After testimony from 105 people, the last witness stepped down yesterday in the marathon federal corruption trial of former State Sen. Vincent J. Fumo, setting the stage for closing arguments next week. Assistant U.S. Attorney Robert A. Zauzmer is expected to spend most of Monday delivering the prosecution's closing, four months after fellow prosecutor John J. Pease gave the opening address Oct. 22. After defense lawyers Dennis J. Cogan and Edwin J. Jacobs Jr. give their closing addresses, Zauzmer will deliver a rebuttal.
NEWS
January 17, 1990 | By Aaron Epstein, Inquirer Washington Bureau
The Supreme Court agreed yesterday to try to resolve the highly sensitive conflict between the welfare of young children and the rights of alleged sex offenders in the nation's steadily increasing number of child-abuse cases. The justices will decide by July whether a defendant's constitutional right to confront accusers face to face in open court may be limited when the accusers are children. Child psychiatrists believe that such a confrontation can be terrifying for a child, especially when the adult is a relative and the accusation involves sexual misconduct.
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NEWS
April 10, 2015 | By Jeremy Roebuck, Inquirer Staff Writer
Tony Woods strutted into federal court Wednesday with the swagger of Shaft, the gingham shirt and pink bow tie of a Southern dandy, and an Afro wig worthy of a 1970s blaxploitation film. Then - after the giggling over his appearance died down - he walked jurors through one of the most divisive incidents yet in the corruption trial of six members of an elite Philadelphia police narcotics unit. Woods, testifying in disguise and under a pseudonym because he works undercover, played a central role in a 2012 sting operation in which FBI agents hoped to catch Officers Thomas Liciardello, Brian Reynolds, Michael Spicer, Perry Betts, Linwood Norman, and John Speiser stealing cash from a suspected drug dealer.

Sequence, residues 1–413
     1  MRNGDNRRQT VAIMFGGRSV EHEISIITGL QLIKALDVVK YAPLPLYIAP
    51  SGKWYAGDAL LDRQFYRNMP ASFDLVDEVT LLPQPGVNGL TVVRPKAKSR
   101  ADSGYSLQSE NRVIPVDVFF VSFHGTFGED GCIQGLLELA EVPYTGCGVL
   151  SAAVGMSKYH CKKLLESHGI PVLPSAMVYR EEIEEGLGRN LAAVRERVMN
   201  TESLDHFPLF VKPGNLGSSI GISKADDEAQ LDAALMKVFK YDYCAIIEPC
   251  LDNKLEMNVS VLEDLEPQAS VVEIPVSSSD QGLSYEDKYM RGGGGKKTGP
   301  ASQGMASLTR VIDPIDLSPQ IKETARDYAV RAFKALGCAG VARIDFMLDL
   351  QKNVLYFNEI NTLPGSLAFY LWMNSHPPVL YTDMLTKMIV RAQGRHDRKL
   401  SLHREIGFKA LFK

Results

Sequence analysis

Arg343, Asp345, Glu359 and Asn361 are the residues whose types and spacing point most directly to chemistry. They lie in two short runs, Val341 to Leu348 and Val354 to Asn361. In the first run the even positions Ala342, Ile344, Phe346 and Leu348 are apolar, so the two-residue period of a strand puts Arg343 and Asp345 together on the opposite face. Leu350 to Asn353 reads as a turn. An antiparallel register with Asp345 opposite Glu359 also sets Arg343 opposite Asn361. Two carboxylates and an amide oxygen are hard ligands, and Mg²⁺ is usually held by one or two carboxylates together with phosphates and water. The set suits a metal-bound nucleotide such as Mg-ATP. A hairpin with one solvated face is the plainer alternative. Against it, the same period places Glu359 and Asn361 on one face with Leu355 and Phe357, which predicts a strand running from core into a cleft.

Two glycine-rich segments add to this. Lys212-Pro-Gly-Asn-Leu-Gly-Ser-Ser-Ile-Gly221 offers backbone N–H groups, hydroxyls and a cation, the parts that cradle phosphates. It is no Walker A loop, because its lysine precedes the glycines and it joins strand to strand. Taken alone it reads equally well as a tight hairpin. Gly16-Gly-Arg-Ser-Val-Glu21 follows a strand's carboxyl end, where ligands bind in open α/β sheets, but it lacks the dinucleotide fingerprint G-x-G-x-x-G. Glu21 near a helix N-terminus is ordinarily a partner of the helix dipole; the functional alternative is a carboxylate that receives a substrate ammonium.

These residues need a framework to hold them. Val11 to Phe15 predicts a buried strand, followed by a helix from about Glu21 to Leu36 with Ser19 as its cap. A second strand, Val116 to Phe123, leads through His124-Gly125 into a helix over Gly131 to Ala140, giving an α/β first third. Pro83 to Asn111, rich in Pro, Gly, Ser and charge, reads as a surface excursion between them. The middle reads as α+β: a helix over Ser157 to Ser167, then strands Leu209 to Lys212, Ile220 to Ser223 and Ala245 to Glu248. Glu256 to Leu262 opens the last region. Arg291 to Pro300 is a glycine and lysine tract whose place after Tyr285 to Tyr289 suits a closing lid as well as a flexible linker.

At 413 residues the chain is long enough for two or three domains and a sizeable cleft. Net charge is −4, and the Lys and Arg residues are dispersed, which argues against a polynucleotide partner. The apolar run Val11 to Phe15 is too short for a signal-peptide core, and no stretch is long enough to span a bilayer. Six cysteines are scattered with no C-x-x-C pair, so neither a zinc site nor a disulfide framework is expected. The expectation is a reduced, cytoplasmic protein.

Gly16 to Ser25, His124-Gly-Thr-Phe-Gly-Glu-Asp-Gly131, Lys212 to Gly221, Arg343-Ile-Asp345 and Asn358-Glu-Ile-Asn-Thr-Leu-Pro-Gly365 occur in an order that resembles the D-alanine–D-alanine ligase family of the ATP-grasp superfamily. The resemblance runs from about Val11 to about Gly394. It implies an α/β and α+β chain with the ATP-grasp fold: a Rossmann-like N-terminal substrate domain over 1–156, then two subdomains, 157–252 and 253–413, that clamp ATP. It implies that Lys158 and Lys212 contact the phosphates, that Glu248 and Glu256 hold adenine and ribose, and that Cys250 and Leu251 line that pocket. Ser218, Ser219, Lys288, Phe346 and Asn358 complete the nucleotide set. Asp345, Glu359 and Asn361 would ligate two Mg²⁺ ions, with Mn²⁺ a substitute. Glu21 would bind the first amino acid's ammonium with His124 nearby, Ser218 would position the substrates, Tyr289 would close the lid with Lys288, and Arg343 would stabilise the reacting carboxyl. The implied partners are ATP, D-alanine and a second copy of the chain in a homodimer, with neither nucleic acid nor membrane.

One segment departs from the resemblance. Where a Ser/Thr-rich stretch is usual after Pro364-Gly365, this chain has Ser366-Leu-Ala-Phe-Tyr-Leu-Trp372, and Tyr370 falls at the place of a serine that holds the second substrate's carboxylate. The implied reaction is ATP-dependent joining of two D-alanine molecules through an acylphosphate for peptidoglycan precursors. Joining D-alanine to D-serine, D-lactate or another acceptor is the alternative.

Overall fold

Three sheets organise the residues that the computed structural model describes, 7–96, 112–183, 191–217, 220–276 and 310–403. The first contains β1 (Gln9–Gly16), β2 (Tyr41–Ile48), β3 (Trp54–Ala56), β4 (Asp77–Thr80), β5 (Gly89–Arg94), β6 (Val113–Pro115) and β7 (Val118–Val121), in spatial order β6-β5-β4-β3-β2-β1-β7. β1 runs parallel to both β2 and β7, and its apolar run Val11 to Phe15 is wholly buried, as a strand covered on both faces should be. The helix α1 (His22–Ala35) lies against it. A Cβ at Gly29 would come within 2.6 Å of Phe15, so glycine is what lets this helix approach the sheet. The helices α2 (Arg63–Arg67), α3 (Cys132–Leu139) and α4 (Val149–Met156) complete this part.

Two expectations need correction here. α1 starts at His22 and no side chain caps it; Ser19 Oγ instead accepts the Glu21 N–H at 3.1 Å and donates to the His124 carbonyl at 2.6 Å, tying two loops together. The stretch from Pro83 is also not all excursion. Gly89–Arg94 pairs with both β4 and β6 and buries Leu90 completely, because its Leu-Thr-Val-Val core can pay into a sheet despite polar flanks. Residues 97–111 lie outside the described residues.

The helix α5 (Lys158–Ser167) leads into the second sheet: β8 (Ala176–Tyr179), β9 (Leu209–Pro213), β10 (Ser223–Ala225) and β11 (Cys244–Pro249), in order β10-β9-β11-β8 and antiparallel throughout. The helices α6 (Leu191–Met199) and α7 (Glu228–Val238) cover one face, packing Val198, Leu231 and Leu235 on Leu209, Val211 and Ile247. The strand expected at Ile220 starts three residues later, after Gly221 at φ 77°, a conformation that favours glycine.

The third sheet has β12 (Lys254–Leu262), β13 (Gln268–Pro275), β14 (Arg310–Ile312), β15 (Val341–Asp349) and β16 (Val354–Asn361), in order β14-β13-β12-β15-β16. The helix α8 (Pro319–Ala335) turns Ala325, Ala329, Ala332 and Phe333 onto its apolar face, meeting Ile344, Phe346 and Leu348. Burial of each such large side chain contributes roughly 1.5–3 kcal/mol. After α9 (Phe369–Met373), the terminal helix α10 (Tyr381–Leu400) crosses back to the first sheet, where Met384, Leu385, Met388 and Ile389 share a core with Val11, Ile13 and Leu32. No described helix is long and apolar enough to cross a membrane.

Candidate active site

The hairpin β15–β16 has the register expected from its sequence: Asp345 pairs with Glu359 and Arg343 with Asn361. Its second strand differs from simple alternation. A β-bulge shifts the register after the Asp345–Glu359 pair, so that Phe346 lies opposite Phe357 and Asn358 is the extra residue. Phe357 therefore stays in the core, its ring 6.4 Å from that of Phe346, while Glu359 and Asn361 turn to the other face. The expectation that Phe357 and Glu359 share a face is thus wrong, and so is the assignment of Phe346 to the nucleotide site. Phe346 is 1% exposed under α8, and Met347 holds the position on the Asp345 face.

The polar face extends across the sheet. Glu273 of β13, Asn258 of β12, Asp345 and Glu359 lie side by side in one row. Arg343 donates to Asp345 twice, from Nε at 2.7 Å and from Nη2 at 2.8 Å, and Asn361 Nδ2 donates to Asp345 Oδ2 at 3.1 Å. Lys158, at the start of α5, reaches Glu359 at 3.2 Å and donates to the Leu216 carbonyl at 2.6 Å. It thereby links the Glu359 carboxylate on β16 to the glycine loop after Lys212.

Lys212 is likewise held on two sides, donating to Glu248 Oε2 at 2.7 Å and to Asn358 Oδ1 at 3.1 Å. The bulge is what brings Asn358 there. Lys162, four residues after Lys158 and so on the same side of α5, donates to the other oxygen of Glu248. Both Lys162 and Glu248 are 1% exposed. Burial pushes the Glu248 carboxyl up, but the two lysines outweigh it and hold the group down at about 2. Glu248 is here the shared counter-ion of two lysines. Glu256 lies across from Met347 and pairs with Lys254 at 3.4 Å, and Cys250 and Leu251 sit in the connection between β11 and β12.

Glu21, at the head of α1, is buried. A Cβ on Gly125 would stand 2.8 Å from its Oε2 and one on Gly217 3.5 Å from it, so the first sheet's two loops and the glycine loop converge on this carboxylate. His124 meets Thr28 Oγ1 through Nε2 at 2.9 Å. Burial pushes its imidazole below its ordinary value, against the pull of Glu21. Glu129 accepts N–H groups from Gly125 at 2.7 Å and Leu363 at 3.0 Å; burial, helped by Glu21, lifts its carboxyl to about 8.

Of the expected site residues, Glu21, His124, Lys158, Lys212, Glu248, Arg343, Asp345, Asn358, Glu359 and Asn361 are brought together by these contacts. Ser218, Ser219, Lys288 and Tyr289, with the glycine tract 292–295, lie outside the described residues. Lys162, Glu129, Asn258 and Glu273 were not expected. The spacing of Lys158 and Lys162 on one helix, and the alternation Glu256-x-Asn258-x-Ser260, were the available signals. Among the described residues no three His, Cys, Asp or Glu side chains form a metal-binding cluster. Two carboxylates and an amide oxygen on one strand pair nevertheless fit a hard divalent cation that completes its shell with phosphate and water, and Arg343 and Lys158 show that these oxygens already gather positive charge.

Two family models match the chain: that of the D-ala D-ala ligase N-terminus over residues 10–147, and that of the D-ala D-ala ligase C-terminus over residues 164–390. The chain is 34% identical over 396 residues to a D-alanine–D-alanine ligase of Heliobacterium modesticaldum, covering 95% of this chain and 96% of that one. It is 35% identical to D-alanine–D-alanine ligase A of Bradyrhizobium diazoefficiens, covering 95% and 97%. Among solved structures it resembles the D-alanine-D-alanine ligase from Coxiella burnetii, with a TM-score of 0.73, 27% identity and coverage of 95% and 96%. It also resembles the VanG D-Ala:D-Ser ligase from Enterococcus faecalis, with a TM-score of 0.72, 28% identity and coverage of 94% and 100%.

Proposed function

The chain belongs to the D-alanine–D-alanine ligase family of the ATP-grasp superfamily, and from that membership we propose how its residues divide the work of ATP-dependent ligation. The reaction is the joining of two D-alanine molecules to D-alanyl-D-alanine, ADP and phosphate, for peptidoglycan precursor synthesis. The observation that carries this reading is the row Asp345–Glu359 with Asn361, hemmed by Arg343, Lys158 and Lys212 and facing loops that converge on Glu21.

NEWS
April 9, 2015 | By Jeremy Roebuck, Inquirer Staff Writer
Last week, pot dealer Jason Kennedy told a federal court jury that when a Philadelphia narcotics officer burst into his condo with a sledgehammer in 2010, he thought he was being robbed. He tackled the man to the floor, he said, and was punched in the mouth for his efforts. "Do you like to fight?" Kennedy was asked as his testimony continued Tuesday. He replied: "Yeah, if I'm being attacked. " And for the rest of his time on the witness stand, Kennedy, 42, did everything but throw a punch at those asking the questions to try to prove it. The corruption trial of six members of an elite Philadelphia drug squad continued with blistering cross-examination of Kennedy - a three-hour verbal tussle that left both witness and defense counsel all but bruised and bloodied.